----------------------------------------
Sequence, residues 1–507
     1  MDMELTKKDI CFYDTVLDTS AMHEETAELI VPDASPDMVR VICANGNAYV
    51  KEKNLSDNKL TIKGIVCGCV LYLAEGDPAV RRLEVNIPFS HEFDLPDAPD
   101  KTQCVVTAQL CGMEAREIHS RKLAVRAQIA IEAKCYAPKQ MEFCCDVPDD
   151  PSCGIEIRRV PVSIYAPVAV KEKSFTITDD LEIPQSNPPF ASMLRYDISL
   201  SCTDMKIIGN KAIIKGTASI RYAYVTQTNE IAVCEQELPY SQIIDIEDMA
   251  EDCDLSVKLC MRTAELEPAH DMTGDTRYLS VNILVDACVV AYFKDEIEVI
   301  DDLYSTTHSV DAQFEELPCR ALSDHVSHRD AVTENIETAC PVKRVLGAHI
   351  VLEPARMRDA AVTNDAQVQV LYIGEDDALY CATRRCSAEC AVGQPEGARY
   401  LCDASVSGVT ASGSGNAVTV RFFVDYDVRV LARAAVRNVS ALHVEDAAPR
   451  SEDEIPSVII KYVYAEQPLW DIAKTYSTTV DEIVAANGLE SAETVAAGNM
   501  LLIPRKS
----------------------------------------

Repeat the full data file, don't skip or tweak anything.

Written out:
Sequence, residues 1–507
     1  MDMELTKKDI CFYDTVLDTS AMHEETAELI VPDASPDMVR VICANGNAYV
    51  KEKNLSDNKL TIKGIVCGCV LYLAEGDPAV RRLEVNIPFS HEFDLPDAPD
   101  KTQCVVTAQL CGMEAREIHS RKLAVRAQIA IEAKCYAPKQ MEFCCDVPDD
   151  PSCGIEIRRV PVSIYAPVAV KEKSFTITDD LEIPQSNPPF ASMLRYDISL
   201  SCTDMKIIGN KAIIKGTASI RYAYVTQTNE IAVCEQELPY SQIIDIEDMA
   251  EDCDLSVKLC MRTAELEPAH DMTGDTRYLS VNILVDACVV AYFKDEIEVI
   301  DDLYSTTHSV DAQFEELPCR ALSDHVSHRD AVTENIETAC PVKRVLGAHI
   351  VLEPARMRDA AVTNDAQVQV LYIGEDDALY CATRRCSAEC AVGQPEGARY
   401  LCDASVSGVT ASGSGNAVTV RFFVDYDVRV LARAAVRNVS ALHVEDAAPR
   451  SEDEIPSVII KYVYAEQPLW DIAKTYSTTV DEIVAANGLE SAETVAAGNM
   501  LLIPRKS